Dressing Up

Falleras, 2014

Falleras, 2014

My mom has a big old trunk full of costumes and dress-ups at her house, and for many of her grandchildren it has been the source of much pleasure over the years. Not everyone is so fortunate, and may be limited in their dressing-up opportunities. This is not a problem for Valencians–they know how to dress up, and they do it with class.

A neighborhood ceremony in the old city

A neighborhood ceremony in the old city

In various places on the web I’ve seen the typical clothing worn during las Fallas described as medieval. I guess that’s a cautionary tale about the need for internet skepticism. I’m not a fashion historian, but such an assessment is several centuries off. The dresses worn by the women are generally 18th century styles. There may be more of a range in the men’s clothing, with some folks looking aristocratic and some leaning toward the peasant-smock end of the spectrum, but whichever it is, it seems to fall in the same time period.

falleritas 3Regardless of where the clothing is located on a historical timeline, this time of year it has been located on many hundreds of people, at any time of day or night over more than a week, and all over the city, not just in official parades. We’ve seen families all dressed up, with costumed parents pushing their costumed kids in strollers lined with matching brocade. And we’ve seen the hybrid falleras who have changed from their lovely dresses into jeans and hoodies, but with the classic elaborate coiffures and hair adornments (Adreç in Valencian) still meticulously in place. I imagine there’s enough hairspray involved to make them nearly invulnerable.falleritas 1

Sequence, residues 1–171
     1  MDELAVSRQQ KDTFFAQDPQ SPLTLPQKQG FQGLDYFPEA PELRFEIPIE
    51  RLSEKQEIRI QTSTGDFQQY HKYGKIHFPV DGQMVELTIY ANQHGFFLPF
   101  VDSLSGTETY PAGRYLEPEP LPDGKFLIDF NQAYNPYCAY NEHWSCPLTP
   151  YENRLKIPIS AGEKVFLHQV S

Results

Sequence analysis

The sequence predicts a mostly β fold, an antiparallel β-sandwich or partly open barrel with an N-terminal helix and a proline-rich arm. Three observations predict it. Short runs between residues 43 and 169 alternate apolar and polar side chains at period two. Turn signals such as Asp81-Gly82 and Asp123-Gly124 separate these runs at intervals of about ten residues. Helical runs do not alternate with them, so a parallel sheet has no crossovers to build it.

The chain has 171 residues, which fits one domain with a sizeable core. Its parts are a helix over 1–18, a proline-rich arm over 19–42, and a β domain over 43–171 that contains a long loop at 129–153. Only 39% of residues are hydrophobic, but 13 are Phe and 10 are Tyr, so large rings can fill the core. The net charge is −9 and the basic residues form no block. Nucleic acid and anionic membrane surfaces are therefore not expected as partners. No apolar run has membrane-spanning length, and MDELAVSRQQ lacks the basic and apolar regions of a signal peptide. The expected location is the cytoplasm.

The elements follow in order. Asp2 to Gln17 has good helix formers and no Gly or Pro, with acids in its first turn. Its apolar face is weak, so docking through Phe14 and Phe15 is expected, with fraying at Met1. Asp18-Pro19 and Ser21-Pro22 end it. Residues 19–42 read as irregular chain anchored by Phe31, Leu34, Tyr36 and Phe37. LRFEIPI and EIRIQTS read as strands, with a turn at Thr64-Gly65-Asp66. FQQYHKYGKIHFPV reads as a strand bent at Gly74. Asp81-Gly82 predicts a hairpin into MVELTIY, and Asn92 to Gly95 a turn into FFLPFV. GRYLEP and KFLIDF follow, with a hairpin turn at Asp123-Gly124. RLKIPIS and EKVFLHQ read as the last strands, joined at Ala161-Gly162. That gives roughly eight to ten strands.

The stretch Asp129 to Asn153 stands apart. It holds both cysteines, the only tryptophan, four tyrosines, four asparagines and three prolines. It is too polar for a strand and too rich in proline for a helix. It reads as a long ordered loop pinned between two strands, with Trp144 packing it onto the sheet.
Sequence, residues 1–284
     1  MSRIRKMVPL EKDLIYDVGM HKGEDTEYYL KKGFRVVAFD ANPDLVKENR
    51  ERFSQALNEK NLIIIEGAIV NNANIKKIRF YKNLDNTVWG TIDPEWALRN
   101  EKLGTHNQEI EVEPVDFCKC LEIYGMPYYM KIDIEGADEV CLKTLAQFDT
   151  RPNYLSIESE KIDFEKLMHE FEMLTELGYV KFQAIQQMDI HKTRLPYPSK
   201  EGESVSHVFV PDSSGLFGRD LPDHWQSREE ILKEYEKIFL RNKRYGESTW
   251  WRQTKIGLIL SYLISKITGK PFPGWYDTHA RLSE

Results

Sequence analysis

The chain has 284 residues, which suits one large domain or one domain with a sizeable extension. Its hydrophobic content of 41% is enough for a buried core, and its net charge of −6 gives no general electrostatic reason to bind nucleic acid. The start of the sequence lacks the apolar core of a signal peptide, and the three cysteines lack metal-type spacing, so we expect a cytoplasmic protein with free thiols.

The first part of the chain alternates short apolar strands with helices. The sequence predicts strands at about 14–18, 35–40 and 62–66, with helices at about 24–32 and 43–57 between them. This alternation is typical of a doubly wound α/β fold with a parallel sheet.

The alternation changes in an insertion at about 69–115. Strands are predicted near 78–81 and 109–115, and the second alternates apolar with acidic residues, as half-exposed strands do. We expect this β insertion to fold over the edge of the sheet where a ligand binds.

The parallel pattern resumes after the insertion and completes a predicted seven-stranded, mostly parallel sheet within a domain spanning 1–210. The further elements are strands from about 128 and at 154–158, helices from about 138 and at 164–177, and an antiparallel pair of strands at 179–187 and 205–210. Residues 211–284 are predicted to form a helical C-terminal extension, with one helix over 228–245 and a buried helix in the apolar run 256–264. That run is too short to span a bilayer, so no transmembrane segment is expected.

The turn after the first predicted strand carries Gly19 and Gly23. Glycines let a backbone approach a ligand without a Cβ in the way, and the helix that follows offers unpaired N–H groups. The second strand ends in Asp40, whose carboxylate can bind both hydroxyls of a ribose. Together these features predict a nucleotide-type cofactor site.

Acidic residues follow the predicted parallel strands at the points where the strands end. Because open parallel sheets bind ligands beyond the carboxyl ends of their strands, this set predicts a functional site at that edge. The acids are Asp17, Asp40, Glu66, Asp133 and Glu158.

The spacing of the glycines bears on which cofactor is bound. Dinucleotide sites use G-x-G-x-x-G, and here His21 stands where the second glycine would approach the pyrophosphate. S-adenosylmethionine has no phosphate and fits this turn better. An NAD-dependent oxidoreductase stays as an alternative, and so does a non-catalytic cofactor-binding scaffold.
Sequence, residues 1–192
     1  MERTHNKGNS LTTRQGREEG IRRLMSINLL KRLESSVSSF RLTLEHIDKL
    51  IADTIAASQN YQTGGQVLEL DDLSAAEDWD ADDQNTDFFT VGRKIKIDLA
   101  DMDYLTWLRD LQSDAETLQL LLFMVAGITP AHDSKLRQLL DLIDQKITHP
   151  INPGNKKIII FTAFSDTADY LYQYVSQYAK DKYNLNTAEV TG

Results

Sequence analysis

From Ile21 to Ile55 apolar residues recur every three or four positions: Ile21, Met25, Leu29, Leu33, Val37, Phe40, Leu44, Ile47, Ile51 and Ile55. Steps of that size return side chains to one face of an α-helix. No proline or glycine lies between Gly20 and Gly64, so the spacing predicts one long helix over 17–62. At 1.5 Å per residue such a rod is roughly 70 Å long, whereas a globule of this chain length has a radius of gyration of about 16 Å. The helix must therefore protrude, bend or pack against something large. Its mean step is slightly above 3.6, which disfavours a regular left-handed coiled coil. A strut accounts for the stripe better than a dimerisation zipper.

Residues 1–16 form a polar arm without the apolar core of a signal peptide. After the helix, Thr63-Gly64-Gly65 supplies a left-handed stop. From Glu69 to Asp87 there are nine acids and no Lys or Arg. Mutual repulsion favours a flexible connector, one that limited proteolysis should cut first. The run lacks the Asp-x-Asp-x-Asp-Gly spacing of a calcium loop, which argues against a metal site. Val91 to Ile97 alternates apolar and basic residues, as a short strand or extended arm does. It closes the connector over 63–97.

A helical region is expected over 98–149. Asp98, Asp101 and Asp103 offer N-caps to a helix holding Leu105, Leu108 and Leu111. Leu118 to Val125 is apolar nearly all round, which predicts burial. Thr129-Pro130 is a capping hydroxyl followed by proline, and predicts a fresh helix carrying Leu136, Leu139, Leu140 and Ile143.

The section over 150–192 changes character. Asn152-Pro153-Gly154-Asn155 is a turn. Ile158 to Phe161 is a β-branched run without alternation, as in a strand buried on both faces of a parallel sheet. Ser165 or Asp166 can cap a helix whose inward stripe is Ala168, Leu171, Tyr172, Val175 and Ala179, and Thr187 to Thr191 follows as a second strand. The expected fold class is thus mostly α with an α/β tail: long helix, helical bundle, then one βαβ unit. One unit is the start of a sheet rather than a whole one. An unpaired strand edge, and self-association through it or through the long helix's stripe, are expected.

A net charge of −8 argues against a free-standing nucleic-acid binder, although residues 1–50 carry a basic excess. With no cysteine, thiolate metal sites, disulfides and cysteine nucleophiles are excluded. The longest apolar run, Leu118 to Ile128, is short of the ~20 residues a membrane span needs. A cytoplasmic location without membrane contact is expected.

Costumes make everything more fun!

(All photos here taken by El Guapo. Here is a link to some great photos of young Valencians in costume that I really enjoyed.)

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3 thoughts on “Dressing Up

  1. Nice to hear that you enjoyed Fallas so much! 🙂 It’s always nice to know how people who’s not acquainted with these festivities see the city and festivals we carry here.

    I’ve been dressing as a fallera for almost 15 years now, and I’m so proud of how the costume depicts an era and the culture in this mediterranean city! I recently wrote a post on my blog about the silks and fabrics used to make the intricate fallera costumes too, so, I’ll leave the link in case you want to take a look at it:
    http://bit.ly/2ociUom

    Best,
    Amanda

    • Thanks so much for commenting, and for sharing the link! Your post is fantastic, and the pictures are extraordinary. The beautiful fallera costumes are one of my favorite parts of the whole festival.
      I often wonder about the details connected with the traditions, like how long it takes to have someone do your hair in that distinctive style, and how much it costs to get the whole outfit dry cleaned. Also, the shoes are beautiful, but they don’t look like they’d be very comfortable for a long walk in a parade….

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